The bandicoots, often known as ‘snout pokes,’ are small nocturnal marsupials native to Australia, that has been saved from extinction by conservation authorities.
The Once-Extinct Animal Reintroduced to The Endangered Species
The Eastern Barred Bandicoot inhabited the grassy plains of Victoria’s southwest until it was nearly wiped out by feral cats, non-native foxes, and habitat loss.
When the bandicoot population in Victoria, Australia’s Victoria state, plummeted in the years leading especially in the late 1980s, only 150 animals remained in the area, scavenging for food in rusted-out cars near a landfill.
(Photo : Photo credit should read PETER PARKS/AFP via Getty Images)
A red-tailed phascogale is seen in its enclosure at Taronga Zoo in Sydney on May 7, 2014. Small, furry marsupials such as the bandicoot, quoll, phascogale and tree possums are in dramatic decline in Australia’s north and feral cats could be the cause, according to analysis reported on May 7.
Conservationists committed millions of dollars in captive breeding. They were relocated to fox-free islands after conservationists built various predator-free places for them, some of which were gated and others which were guarded by trained dogs.
Victoria’s Environment Minister Lily D’Ambrosio announced the shift in the conservation status of the bandicoot on Wednesday saying she was excited about the program’s success since it was the first time an animal’s status has been modified from “extinct in the wild” to “endangered.”
It provided them “hope that with persistence, determination, and the support of the government, volunteers, and communities, we can win the fight against extinction,” said Amy Coetsee, threatened Species biologist at Zoos Victoria.
Coetsee stated that her organization was “100% confident” that the Eastern Barred Bandicoot was safe in the wild.
According to World Wildlife Fund (WWF), Australia has the highest mammal mortality rate of any country on earth.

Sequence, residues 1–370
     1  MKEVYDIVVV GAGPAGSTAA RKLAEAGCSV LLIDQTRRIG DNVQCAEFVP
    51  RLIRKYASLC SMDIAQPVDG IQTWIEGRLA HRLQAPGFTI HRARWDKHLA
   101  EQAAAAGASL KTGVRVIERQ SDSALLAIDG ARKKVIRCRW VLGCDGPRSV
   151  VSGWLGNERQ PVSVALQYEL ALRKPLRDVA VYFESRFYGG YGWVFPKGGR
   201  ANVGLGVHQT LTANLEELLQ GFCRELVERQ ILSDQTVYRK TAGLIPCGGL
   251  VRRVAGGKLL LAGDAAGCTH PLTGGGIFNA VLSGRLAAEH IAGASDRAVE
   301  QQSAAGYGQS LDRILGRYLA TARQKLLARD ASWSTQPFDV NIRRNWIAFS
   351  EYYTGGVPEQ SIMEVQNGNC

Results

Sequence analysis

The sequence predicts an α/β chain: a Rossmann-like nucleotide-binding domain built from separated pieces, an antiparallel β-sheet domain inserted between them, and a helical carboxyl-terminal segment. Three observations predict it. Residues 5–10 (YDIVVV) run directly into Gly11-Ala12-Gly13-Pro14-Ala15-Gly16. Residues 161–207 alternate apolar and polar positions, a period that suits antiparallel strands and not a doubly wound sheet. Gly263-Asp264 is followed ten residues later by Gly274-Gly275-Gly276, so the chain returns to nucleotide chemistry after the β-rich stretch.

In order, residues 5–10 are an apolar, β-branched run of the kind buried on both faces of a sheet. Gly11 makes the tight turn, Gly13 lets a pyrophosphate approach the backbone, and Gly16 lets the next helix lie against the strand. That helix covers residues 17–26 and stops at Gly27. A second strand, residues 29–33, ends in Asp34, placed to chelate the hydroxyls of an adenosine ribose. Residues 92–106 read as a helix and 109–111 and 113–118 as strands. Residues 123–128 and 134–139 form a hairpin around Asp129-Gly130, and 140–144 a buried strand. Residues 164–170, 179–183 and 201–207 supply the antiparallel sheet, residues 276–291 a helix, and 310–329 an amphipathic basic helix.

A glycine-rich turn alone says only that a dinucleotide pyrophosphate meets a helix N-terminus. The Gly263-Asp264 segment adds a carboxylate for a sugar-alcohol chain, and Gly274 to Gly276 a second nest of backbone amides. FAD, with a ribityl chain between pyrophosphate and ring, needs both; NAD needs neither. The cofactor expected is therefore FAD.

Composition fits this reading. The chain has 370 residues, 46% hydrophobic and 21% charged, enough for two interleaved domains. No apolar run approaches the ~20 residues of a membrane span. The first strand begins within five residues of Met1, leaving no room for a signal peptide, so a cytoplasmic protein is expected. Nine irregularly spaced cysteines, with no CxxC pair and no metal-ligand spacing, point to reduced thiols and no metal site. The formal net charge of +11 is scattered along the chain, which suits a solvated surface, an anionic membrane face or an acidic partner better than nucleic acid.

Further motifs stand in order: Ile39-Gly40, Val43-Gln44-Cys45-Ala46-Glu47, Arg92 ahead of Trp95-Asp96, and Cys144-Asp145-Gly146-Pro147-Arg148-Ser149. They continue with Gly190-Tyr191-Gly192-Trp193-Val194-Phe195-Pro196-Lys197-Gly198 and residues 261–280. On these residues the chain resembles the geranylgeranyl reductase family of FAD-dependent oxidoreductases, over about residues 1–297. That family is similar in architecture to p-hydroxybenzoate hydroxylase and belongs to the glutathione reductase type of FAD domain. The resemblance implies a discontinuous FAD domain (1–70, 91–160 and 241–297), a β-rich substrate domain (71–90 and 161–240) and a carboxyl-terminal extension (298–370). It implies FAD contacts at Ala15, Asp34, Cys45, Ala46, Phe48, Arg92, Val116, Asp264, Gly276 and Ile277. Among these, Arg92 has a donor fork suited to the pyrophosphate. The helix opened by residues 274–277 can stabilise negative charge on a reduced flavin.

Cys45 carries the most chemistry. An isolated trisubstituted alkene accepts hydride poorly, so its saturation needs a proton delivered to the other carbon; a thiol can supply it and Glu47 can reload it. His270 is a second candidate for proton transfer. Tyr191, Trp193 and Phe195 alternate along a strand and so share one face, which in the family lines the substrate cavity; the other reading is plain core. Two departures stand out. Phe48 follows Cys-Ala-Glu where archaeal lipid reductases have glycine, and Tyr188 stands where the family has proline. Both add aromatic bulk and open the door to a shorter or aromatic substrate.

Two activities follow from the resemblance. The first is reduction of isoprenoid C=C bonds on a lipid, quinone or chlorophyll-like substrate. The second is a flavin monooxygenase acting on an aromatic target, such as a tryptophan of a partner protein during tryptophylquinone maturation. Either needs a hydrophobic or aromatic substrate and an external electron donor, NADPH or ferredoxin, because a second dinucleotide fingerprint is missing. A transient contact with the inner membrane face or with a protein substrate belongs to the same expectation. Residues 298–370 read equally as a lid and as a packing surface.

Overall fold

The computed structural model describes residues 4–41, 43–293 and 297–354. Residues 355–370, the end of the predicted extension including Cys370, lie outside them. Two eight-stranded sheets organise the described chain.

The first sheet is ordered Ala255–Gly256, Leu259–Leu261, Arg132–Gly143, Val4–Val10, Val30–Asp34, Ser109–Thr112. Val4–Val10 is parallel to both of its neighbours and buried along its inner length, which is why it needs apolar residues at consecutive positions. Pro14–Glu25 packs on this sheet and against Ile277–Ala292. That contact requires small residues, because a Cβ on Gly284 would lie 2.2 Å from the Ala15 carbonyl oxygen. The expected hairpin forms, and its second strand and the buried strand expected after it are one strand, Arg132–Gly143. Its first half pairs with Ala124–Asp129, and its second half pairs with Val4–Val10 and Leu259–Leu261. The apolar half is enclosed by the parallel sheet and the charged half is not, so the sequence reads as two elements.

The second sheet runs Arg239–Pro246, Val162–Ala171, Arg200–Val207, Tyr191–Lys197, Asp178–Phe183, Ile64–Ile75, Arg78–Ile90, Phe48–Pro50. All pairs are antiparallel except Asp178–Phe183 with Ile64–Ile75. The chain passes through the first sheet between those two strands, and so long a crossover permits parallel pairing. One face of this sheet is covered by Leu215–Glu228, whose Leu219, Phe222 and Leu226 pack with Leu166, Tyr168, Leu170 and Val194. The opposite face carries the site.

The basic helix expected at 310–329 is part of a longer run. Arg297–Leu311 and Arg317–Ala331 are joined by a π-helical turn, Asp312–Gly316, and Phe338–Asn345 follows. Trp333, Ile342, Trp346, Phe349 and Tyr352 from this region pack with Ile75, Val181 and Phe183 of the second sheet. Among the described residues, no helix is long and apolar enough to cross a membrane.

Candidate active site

Australia’s Endangered Animal “Bandicoot”
The term “pandi-kokku,” which means “pig-rat” in Teluga, an Indian language, inspired the bandicoot’s name.
The long-nosed bandicoot can be found from north Queensland to Victoria and Tasmania on Australia’s east coast. The range of the Northern Brown Bandicoot stretches from northern to eastern Australia, as far south as New South Wales. It is also found in Papua New Guinea’s south.
Both species can live in a wide range of environments, including heaths, woodlands, and rainforests. They prefer environments with dense vegetation for daytime protection and open regions for nighttime foraging.
They consume both plants and animals, including insects, insect larvae, lizards, mice, and snails, as well as fungus, grass seeds, berries, and fruit. When their muzzles come across food, they ‘grunt’ enthusiastically, and when disturbed, they produce a loud squeak.
Bandicoots sleep in camouflaged nests during the day, which are shallow burrows lined with grass, leaf litter, and other material. While it is raining, they kick a layer of soil over the top of the nest to keep it dry. They can also hide from predators and take shelter from the elements in abandoned burrows, tunnels, and logs.
They are territorial and typically solitary animals they use a gland behind their ear to indicate their territory, but they are very vulnerable. Habitat loss due to urbanization and land clearance, predation by foxes, cats, and dogs, and collisions with cars are the primary dangers to bandicoots.
In Australia and New Guinea, there are around 20 species of bandicoots, with many of them listed as endangered or extinct.
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